Unless you drink alcohol only at home, you've probably come across the question of whether to partake when you're at an event where alcohol is served. But what might happen when you're driving home afterward can be an even stickier question. Assuming that you're driving with a legal level of sobriety, you don't deserve a DUI and yet circumstances may lead a police officer to believe that you do. Here are four tips to help you keep this mistake from happening.
1. Drive Cautiously
A routine stop for a speeding ticket or headlight malfunction can turn into something more if you've had something to drink and the officer notices. For this reason, you might as well avoid being pulled over even if your blood alcohol level is under the legal limit. Check that all your car's lights work before you leave, and drive conservatively all evening so there's no reason to stop you. If you're visiting outside your home state, be sure to check up on the drinking laws as well; some states may have a lower tolerance for blood alcohol than yours does. You don't want to get a DUI on your record because you forgot to check the laws before having a beer.
2. Be Courteous to Officers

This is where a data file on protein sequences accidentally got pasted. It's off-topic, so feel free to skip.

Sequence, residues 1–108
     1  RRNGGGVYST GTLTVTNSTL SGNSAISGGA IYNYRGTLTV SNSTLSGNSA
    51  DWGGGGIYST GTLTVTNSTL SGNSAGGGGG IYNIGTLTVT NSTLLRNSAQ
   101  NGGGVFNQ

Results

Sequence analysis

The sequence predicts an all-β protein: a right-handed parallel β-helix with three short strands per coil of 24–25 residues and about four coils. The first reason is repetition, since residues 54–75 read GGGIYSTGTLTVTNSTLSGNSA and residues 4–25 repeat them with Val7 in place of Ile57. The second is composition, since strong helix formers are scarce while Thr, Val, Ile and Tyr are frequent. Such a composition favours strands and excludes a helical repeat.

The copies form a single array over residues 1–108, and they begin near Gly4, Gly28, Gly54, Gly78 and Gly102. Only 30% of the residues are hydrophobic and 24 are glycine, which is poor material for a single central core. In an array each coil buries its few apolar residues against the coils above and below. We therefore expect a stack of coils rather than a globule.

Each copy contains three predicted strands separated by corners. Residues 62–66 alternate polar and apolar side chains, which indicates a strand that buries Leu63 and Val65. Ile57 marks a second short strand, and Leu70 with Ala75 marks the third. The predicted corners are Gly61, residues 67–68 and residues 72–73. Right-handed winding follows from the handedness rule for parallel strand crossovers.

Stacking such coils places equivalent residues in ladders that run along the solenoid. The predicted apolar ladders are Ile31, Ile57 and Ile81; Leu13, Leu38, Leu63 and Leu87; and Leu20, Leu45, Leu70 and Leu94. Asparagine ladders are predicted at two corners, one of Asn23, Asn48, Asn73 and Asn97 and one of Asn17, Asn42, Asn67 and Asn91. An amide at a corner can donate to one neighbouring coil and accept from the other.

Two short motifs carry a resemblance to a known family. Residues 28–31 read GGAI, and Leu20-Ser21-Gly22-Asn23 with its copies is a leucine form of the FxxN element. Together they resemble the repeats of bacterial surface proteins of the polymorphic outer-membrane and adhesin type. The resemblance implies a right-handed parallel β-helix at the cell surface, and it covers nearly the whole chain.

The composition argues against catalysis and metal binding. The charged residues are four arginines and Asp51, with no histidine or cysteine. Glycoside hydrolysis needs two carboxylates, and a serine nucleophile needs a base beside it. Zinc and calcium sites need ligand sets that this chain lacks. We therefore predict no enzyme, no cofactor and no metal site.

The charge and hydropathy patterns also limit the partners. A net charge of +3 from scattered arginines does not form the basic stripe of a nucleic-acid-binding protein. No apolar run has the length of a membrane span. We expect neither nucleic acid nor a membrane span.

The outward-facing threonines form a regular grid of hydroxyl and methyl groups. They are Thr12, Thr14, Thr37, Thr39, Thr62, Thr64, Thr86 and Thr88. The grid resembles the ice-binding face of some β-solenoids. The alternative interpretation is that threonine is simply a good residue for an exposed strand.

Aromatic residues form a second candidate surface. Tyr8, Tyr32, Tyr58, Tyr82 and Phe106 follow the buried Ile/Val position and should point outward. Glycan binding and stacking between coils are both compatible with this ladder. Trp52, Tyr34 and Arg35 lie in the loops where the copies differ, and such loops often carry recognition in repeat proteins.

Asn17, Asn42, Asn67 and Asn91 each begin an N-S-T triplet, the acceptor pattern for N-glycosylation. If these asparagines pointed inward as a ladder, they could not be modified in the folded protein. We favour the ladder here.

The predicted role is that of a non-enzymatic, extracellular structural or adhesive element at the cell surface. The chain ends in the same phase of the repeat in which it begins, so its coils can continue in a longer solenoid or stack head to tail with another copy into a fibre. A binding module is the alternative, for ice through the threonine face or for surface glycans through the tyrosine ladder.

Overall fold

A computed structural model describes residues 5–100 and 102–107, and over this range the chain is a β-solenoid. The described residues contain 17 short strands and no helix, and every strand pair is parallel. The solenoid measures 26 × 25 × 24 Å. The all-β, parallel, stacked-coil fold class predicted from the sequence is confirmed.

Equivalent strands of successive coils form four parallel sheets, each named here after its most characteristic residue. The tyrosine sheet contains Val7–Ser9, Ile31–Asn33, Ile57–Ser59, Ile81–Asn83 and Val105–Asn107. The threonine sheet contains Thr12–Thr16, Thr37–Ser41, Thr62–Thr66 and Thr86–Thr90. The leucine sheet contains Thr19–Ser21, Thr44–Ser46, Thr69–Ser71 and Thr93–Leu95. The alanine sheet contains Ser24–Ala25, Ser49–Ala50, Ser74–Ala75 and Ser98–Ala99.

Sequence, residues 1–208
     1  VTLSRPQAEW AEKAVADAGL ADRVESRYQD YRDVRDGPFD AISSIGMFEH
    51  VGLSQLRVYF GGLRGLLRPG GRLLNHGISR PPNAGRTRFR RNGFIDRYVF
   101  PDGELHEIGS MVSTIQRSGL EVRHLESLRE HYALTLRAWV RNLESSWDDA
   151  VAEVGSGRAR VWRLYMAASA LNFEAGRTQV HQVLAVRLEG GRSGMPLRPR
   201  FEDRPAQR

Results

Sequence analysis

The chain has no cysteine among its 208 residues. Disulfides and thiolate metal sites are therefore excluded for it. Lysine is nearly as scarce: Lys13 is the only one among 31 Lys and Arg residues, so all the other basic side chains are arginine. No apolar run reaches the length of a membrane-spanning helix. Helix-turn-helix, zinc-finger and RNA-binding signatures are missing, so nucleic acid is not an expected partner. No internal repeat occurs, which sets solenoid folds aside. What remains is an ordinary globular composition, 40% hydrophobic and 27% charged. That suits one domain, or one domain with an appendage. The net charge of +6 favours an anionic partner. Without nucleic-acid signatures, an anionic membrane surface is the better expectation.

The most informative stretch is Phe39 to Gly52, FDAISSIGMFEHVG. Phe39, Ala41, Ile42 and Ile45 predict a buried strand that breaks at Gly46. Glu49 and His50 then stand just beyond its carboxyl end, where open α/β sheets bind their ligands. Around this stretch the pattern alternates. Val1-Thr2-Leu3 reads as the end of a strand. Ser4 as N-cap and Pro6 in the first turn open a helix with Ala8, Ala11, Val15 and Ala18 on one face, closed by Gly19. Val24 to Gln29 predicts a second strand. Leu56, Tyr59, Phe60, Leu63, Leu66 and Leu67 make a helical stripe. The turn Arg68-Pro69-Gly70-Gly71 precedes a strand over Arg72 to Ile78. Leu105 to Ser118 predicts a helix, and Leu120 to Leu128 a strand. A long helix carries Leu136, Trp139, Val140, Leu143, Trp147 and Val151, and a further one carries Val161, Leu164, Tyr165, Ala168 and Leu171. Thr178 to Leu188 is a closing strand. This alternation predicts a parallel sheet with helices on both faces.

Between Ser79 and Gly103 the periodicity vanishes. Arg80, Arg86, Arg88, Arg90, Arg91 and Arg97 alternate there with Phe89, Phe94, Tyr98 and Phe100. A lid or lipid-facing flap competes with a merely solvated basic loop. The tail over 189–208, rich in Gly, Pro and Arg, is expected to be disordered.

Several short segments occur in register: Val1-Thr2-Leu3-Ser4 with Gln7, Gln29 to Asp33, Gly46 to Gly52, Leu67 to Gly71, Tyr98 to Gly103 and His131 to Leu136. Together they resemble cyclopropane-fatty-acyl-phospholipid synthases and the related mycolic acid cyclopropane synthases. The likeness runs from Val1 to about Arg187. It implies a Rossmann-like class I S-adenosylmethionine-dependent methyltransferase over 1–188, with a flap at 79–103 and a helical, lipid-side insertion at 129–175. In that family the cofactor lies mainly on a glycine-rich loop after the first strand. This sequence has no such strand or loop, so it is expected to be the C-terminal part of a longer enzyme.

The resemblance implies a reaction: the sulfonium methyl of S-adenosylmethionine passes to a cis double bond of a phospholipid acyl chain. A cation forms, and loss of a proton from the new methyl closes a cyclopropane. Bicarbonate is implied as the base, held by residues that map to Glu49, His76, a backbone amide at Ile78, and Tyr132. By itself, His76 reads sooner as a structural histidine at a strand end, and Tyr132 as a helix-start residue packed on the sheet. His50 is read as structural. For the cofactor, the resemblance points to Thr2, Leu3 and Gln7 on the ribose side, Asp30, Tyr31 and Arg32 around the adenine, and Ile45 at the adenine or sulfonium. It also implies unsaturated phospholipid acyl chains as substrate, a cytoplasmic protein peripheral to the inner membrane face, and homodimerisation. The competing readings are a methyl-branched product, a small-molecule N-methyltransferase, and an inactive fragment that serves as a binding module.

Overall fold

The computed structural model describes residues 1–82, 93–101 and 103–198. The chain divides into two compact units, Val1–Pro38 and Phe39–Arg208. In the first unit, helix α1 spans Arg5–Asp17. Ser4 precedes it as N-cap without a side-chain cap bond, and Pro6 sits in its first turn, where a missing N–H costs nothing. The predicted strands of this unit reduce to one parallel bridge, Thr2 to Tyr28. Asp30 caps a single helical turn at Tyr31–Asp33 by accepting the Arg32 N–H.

There are all types of police officers, and some may be more suspicious of you than others. If you do get pulled over for whatever reason, you should show consideration by making sure there's nothing in your manner that may increase suspicion and doing everything in your power to put the officer at ease. Keep your hands where he or she can see them, and remember to speak politely and move slowly if at all. Don't antagonize the officer, and don't use language or expressions that may be misconstrued as a bad attitude.
3. Use a Designated Driver
If you're not positive you'll be legal to drive at the end of the evening, arrange in advance for a driver who will be. This could be one of your friends who doesn't drink anyway, or you could arrange to have a taxi pick you up at a certain time. Make the arrangements in advance whenever possible; don't leave the decision to your future self, whose judgment may be impaired by alcohol. Using a designated driver who drinks zero alcohol that evening ensures that he or she will be able to pass any sobriety tests if necessary, convincing a police officer that nothing dangerous or illegal is happening.
4. Get Advice From Your Lawyer
Your lawyer will be able to give you legal advice on how to avoid problems if you're stopped by a police officer. In addition to using courtesy when you're stopped (which is not legal advice, but rather common sense), you'll probably get other advice about whether or not to agree to take tests, such as those offered by Pecos Drug Testing; what to say; whether or not to admit to having had alcohol; and so on. However, your lawyer's advice may vary based on the local laws and other circumstances.
Stay safe from both collisions and DUI charges with these tips. Remember, this article isn't legal advice. In addition to using these tips, you'll want to make sure that you have the advice of a lawyer who's not only reputable but also experienced with DUI cases and well-versed in DUI law.